Adiós, GOP

Republicans rejoiced when Supreme Court Justice David Souter announced his retirement. A highly charged court battle was just what conservative groups needed to rally the base and replenish empty coffers.

The reaction to President Obama’s choice of Judge Sonia Sotomayor was certainly oversized — from calling her a racist to arguing that the top graduate at Princeton and Yale Law was stupid. The entire GOP leadership — from Newt Gingrich and Rush Limbaugh to Republican National Committee Chairman Michael Steele — engaged, ensuring that the entire right-wing apparatus was concentrating its fire on Sotomayor. Tom Tancredo called her a member of a “Latino KKK,” while Limbaugh said she was a “an affirmative action case extraordinaire” and compared her to David Duke.

A few Republicans tried to calm down the hysteria. “I’m not surprised at Rush Limbaugh but I’m very surprised at Speaker Gingrich,” said GOP media adviser Lionel Sosa to the Huffington Post, noting that her confirmation was essentially a done deal. “He must realize how damaging [his rhetoric] could be … For a senator to have strong opposition to her, they are either not aware of the impact Latinos will have on the next election or they don’t care.”

Given the GOP’s hard line against immigration, they clearly don’t care about the Latino impact on future elections. While 69.4 of America was non-Hispanic white in 2000, that number will steadily drop, according to U.S. Census Bureau estimates — 65.1 percent in 2010, 61.3 percent in 2020, 57.5 percent in 2030. By 2050, the U.S. will be majority-minority. While Asian and African-American population growth will account for some of that, the lion’s share will be Latino.

Perhaps Republicans think that Latinos are a lost demographic, and hence irrelevant to their calculations. That would explain their hostility to immigration and support for English-only laws. Yet it wasn’t long ago that Latinos were a swing constituency. Ronald Reagan picked up 44 percent of the Latino vote in 1984, as did George W. Bush in 2004. And Republican positions on social issues could appeal to the culturally conservative ethos of the devoutly religious Latino community. But instead of cultivating the demographic, Republicans now treat Latinos as the enemy. Latinos are returning the favor.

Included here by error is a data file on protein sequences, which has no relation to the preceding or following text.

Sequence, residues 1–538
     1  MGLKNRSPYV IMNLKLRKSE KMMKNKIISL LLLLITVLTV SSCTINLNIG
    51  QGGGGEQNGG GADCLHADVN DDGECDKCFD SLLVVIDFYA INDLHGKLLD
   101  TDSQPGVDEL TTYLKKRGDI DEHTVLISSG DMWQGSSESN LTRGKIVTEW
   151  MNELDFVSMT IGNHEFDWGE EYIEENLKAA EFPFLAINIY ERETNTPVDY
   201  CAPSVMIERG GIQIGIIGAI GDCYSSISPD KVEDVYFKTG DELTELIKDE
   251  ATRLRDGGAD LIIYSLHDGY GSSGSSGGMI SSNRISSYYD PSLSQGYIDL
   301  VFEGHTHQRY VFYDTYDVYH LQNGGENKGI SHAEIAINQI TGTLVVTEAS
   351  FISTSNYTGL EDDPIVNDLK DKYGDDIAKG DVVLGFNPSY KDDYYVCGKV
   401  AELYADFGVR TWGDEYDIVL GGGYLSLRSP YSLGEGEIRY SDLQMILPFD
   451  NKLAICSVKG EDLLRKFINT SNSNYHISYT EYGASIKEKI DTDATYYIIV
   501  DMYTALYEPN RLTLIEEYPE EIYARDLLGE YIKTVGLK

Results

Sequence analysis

Prior to the Sotomayor nomination, a May 18-21 Daily Kos/Research 2000 weekly national poll found that the Republican Party was viewed favorably by Latinos by an anemic 11-79 percent, with 10 percent having no opinion. Those numbers would suggest some kind of floor, but last week’s edition of the poll found an astonishing 10-point erosion — with just 8 percent viewing Republicans favorably, and 86 percent unfavorably. Only 6 percent of Latinos remain on the fence. The Sotomayor debate has made it clear where the GOP stands, and it’s about to get uglier, with indications that Republicans will attack Sotomayor for her association with the Puerto Rican Legal Defense and Education Fund, the island’s oldest civil rights group.

But if their Sotomayor strategy was sure to alienate Latinos, what about their expectation that a high-profile Supreme Court battle would galvanize base supporters and help raise money? “She doesn’t have the punch out there in terms of fundraising and recruiting, I think — at least so far,” admitted Sen. John ThuneJohn Randolph ThuneFlake to try to force vote on DACA stopgap plan Congress punts fight over Dreamers to March The 14 GOP senators who voted against Trump’s immigration framework MORE (R-S.D.), who will soon be elevated to the No. 4 leadership position in the Senate, replacing the hypocritical philanderer Sen. John Ensign (R-Nev.).

With 6 percent of Latinos still undecided on their feelings toward the GOP, Republicans have a fantastic opportunity to finish the job, transforming the fastest-growing ethnic demographic in the country into a bloc as reliably Democratic as African-Americans.

Moulitsas is founder and publisher of Daily Kos